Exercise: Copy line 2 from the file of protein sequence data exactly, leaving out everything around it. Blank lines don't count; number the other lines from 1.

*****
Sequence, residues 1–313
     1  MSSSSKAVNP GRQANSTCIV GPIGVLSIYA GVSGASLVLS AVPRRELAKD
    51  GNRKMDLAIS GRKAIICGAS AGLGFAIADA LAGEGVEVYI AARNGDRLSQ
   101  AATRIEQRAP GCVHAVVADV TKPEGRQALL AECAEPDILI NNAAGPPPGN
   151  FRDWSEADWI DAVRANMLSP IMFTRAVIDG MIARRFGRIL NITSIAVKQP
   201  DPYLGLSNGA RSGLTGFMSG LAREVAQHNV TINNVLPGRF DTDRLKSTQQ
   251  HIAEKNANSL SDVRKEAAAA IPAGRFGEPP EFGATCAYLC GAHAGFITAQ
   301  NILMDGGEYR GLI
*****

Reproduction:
     1  MSSSSKAVNP GRQANSTCIV GPIGVLSIYA GVSGASLVLS AVPRRELAKD